Pharmacists should consult the patient on how best to administer the penicillin and remind them that they should complete the entire course of the antibiotic. This interprofessional approach will optimize therapeutic results while minimizing adverse effects. A retrospective study concluded that a team approach between infectious disease pharmacists with advanced pharmacy practice experience improves antimicrobial stewardship interventions.[41]

If a patient has difficulty obtaining drugs for financial or logistical reasons, a social worker may help ensure that the patient receives their medications. In an inpatient setting, communication between the clinician and the nurse will allow the patient to receive the drug. The healthcare team can work together to confirm that the patient has no contraindications to penicillin use.

If any immediate severe adverse effects occur after administering penicillin, such as anaphylaxis, the healthcare team should receive notification and treat the acute condition immediately. A board-certified infectious disease pharmacist can also consult on the case to confirm if penicillin is the best choice given the patient's diagnosis, current antibiogram data, and any other medications the patient is prescribed. Furthermore, a flattened hierarchy approach should be in place to ensure that reporting mistakes to a superior can take place without resistance. Utilizing the entire healthcare team is critical to ensure the patient is comfortable and has the best medical outcome with the lowest chance of complications. Interprofessional coordination and collaboration among physicians, nurse practitioners, physician assistants, pharmacists, and nurses can improve patient outcomes while using penicillin for treating susceptible infections.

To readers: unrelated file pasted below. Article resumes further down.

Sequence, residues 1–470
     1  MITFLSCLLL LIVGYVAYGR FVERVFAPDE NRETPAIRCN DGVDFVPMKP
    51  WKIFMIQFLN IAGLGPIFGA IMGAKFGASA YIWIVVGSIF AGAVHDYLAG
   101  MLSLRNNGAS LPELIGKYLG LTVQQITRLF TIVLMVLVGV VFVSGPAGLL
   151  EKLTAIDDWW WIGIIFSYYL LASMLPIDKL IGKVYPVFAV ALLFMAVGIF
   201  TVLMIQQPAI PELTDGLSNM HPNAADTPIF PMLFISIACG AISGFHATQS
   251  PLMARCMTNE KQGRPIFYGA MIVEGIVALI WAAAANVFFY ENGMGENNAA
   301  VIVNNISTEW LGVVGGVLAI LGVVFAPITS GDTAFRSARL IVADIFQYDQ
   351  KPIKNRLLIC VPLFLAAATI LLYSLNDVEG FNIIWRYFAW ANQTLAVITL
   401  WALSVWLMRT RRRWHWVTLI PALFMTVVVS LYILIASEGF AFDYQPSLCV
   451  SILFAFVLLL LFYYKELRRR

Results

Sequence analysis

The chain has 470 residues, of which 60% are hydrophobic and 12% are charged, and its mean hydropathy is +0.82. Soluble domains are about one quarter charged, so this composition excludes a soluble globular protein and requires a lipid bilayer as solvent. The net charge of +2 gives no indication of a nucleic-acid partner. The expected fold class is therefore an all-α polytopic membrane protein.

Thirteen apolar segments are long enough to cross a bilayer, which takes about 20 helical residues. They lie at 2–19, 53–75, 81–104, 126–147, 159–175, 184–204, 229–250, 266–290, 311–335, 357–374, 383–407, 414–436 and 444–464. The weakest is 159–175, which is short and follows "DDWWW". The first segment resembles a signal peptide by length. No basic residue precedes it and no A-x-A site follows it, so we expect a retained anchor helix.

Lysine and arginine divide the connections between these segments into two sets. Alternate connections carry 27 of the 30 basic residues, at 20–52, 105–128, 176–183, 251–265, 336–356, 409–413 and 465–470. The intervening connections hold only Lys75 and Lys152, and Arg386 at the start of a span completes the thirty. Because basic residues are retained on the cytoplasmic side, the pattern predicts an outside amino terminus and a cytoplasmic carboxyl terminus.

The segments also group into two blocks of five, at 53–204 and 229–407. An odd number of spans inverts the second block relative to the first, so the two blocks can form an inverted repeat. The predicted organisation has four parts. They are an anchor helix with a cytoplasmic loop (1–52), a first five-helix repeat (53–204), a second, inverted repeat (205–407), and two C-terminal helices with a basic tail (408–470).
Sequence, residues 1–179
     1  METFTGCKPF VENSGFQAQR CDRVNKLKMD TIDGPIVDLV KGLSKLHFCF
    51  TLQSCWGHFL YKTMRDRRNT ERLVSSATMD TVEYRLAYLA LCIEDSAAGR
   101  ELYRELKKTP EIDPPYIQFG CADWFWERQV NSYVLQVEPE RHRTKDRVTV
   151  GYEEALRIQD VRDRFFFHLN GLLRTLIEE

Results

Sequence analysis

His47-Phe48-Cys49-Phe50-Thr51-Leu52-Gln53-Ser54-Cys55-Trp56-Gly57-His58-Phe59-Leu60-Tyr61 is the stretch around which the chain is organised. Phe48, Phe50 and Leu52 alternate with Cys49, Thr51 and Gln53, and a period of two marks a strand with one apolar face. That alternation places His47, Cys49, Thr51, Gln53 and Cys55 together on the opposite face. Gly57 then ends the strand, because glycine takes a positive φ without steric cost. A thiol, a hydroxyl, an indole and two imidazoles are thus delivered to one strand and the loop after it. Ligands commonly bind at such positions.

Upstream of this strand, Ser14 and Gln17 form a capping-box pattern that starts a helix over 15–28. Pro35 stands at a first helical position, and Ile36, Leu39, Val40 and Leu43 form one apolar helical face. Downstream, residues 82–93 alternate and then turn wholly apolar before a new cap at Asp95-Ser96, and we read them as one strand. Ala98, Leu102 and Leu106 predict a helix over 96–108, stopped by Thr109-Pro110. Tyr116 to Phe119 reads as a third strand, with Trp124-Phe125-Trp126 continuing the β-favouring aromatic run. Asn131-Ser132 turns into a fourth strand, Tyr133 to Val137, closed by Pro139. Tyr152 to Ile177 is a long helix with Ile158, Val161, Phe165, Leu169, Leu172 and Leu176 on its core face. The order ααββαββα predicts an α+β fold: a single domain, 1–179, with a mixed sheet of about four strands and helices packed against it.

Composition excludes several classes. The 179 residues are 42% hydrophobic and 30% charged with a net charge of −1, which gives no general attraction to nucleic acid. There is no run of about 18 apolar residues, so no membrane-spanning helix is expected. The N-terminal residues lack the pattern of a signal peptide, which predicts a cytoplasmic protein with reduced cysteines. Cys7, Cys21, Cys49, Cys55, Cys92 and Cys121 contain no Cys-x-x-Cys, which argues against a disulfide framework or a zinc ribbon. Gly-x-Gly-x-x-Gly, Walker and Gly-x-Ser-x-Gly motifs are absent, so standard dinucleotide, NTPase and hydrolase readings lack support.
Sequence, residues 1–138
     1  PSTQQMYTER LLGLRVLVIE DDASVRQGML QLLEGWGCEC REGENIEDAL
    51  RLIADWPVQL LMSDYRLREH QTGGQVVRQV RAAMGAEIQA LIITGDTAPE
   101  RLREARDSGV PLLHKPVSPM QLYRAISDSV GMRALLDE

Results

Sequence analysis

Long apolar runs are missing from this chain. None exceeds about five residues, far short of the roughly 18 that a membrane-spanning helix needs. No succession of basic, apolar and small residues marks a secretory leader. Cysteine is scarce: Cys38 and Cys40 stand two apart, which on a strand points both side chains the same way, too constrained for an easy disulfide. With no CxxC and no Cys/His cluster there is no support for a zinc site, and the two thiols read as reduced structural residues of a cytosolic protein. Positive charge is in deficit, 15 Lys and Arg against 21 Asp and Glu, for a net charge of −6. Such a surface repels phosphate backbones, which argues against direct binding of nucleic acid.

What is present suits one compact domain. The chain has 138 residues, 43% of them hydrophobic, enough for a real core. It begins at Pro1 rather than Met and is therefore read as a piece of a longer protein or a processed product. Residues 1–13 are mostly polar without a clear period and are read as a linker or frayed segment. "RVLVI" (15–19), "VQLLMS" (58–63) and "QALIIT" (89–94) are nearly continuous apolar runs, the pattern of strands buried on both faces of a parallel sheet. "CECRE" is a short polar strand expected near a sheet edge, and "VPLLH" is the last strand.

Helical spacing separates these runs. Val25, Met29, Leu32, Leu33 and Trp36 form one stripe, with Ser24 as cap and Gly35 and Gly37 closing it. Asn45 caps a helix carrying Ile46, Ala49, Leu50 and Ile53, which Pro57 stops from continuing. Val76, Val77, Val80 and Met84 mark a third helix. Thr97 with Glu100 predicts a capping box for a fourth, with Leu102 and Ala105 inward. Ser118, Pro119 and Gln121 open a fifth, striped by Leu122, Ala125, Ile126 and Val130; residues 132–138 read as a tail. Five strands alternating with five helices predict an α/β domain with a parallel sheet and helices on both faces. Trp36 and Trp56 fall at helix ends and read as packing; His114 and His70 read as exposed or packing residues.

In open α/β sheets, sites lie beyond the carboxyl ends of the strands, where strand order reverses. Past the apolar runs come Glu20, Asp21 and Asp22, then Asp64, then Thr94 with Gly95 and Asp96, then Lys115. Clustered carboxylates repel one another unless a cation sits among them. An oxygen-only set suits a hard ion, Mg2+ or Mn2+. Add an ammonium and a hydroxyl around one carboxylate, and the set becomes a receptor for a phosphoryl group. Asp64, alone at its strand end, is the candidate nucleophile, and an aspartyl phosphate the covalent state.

Derek W. Yip


2/20/2024 2:34:37 PM